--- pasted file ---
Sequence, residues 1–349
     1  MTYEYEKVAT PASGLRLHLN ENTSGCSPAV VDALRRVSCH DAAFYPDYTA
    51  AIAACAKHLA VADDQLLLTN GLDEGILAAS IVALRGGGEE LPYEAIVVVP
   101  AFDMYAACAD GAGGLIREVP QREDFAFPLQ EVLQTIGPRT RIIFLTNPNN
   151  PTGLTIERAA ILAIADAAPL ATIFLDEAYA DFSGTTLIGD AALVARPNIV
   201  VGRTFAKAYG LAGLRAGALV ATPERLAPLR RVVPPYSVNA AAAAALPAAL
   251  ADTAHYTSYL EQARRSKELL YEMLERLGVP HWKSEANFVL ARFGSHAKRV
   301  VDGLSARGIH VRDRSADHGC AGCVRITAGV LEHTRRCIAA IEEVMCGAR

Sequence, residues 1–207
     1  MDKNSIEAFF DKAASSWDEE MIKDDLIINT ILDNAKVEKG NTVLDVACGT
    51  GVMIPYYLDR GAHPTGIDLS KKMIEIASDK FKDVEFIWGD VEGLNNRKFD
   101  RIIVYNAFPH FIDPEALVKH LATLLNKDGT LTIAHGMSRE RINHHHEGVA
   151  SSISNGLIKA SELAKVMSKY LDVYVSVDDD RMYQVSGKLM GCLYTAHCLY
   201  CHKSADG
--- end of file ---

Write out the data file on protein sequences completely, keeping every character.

Sequence, residues 1–349
     1  MTYEYEKVAT PASGLRLHLN ENTSGCSPAV VDALRRVSCH DAAFYPDYTA
    51  AIAACAKHLA VADDQLLLTN GLDEGILAAS IVALRGGGEE LPYEAIVVVP
   101  AFDMYAACAD GAGGLIREVP QREDFAFPLQ EVLQTIGPRT RIIFLTNPNN
   151  PTGLTIERAA ILAIADAAPL ATIFLDEAYA DFSGTTLIGD AALVARPNIV
   201  VGRTFAKAYG LAGLRAGALV ATPERLAPLR RVVPPYSVNA AAAAALPAAL
   251  ADTAHYTSYL EQARRSKELL YEMLERLGVP HWKSEANFVL ARFGSHAKRV
   301  VDGLSARGIH VRDRSADHGC AGCVRITAGV LEHTRRCIAA IEEVMCGAR

Sequence, residues 1–207
     1  MDKNSIEAFF DKAASSWDEE MIKDDLIINT ILDNAKVEKG NTVLDVACGT
    51  GVMIPYYLDR GAHPTGIDLS KKMIEIASDK FKDVEFIWGD VEGLNNRKFD
   101  RIIVYNAFPH FIDPEALVKH LATLLNKDGT LTIAHGMSRE RINHHHEGVA
   151  SSISNGLIKA SELAKVMSKY LDVYVSVDDD RMYQVSGKLM GCLYTAHCLY
   201  CHKSADG